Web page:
"That's what we intend to find out," I answered. "We've carried it with us the whole time, and it's shown the things we encounter--"

"So," he pointed to the depiction of Ronni and her mansion, "you knew you would cross Ronni's path before you even left your village?"

I shook my head. "Not exactly. It's only after we've gone through an experience, or met the person we need to meet, that it shows up on the Tapestry. We didn't take it out after meeting the Earth-Teller in Criansa, so..." I shrugged my shoulders.

"So you might have known ahead of time, but now the information would do you no good," Benton supplied. He continued staring at the swirl of colors and the exquisite artistry. "A Tapestry that fills in itself, that continues to spin long after the artist has abandoned it... I never thought such a thing would be possible." He looked at each of us. "So you were the one to find it, Callista," he mused, "and you can still hear its Tale, even if it's not finished, and it wasn't given directly to you?"

I nodded. "We tried asking the Talesmith about it, but he couldn't say. The Earth-Teller seemed to think that if a person hears the Tale, then it was obviously meant for them, whether the gift is intentional or not." I couldn't help frowning as I thought about all that we didn't know about the Wordspinners. It did feel good to be able to discuss it with someone who at least believed they existed--something I didn't see ever happening with Matthias, unless by some miracle he began to take me seriously.

"So," Benton said slowly, drawing his interest from the Tapestry and back to us. I wondered what he saw when he looked at it, if it shifted and changed for him as it did for me. "You left your little village behind and went through all of these," he traced our path over the tapestry with his finger, "all to find the Inkweaver who made the Tapestry, and to discover why she had left it unfinished, and yet still had a Tale woven into it for you?"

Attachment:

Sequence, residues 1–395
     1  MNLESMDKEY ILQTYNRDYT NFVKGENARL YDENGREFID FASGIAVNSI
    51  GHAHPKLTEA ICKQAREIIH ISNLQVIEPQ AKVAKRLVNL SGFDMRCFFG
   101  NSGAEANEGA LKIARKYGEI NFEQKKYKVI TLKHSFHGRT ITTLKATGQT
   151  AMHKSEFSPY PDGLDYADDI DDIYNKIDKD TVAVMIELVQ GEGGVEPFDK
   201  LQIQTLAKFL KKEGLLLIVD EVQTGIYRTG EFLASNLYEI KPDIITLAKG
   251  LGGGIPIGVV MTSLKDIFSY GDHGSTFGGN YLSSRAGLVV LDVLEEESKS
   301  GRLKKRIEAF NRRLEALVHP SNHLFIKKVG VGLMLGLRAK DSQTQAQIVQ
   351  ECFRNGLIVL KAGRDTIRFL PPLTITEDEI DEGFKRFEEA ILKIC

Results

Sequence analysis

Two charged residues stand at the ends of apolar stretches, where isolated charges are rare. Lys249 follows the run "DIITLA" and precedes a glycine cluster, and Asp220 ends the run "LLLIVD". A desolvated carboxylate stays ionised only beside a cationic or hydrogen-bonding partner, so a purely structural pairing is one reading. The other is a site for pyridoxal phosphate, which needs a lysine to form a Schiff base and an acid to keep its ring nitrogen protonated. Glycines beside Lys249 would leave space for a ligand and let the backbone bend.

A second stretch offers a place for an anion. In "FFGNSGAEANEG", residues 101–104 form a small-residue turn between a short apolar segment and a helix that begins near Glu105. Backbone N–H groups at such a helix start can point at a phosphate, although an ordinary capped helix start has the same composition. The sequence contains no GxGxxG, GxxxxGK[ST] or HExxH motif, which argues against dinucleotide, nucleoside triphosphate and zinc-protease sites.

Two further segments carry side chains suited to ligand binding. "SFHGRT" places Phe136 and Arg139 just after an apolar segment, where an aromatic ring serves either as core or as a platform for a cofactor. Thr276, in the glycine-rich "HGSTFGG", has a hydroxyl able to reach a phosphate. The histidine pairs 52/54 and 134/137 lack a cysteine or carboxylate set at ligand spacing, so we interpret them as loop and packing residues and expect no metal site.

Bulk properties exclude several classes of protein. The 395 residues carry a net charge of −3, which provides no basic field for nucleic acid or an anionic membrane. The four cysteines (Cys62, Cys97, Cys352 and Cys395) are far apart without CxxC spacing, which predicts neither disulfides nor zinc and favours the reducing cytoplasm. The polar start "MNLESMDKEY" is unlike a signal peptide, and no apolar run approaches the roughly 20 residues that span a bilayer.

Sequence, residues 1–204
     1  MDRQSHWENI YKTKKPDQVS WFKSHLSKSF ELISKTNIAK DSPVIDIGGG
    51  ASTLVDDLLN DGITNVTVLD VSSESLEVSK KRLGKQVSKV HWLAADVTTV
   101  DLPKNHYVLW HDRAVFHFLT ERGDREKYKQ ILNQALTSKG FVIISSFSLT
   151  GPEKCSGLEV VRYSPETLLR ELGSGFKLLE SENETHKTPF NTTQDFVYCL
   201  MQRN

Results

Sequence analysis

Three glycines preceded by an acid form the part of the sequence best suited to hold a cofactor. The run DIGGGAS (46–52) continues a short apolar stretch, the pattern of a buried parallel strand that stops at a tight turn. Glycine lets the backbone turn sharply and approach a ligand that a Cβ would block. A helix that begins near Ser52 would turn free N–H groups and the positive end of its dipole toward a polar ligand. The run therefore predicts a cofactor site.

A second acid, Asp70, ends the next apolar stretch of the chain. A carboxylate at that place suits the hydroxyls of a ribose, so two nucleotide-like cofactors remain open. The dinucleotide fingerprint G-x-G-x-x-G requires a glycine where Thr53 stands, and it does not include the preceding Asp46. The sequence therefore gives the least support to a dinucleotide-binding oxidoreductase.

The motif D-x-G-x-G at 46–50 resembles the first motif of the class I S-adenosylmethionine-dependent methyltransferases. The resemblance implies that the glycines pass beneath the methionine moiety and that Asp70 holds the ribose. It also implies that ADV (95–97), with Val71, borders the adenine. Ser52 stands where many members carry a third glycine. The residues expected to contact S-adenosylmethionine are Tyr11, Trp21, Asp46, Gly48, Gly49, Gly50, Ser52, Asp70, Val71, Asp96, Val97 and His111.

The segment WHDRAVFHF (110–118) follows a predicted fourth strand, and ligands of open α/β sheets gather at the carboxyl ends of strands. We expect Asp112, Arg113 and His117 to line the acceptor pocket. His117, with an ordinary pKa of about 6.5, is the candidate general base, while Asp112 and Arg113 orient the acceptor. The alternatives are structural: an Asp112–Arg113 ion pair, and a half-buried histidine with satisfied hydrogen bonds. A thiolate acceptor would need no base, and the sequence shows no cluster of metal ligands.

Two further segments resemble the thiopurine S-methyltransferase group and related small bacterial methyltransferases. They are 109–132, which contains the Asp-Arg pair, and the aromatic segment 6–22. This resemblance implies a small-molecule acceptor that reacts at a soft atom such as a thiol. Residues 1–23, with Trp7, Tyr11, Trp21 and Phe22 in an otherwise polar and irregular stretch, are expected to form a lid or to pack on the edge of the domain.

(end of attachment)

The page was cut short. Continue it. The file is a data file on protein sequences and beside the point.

"More like several Tales," I said with a nod. "Every time we encounter something significant that ties into the Tale I am hearing, we move on and the Tale begins something different. It's all the same voice, so I know it is from the Tapestry--but it hasn't been the same Tale all the time." I shrugged, and my eyes traveled to the omnicarriage. "Besides that, we didn't leave Mirrorvale to seek after the Inkweaver. We left in the company of Crown chaperones, headed for a new Finishing School in Gramble City. It is designed to give us the necessary training to become the next generation of Scholars, Teachers, and Professors." Bringing it up again still stung, as everything about the Tapestry seemed diametrically opposed to not only the existence of the Academy, but taking us further and further away from ever rejoining that part of society--to what end?

"Ah yes, the Academies," Benton mused dryly, running his hands through his hair. "Did you know, the Academies were established right before the campaign against Wordspinners began? Some of the people you will talk to down here seem to think that the two have to be related somehow, as if the Academies grew out of a dispute between the Wordspinners and the Crown, or that the Crown established the Academies to remove society's perceived dependence on Wordspinners, giving them an excuse to get rid of them all."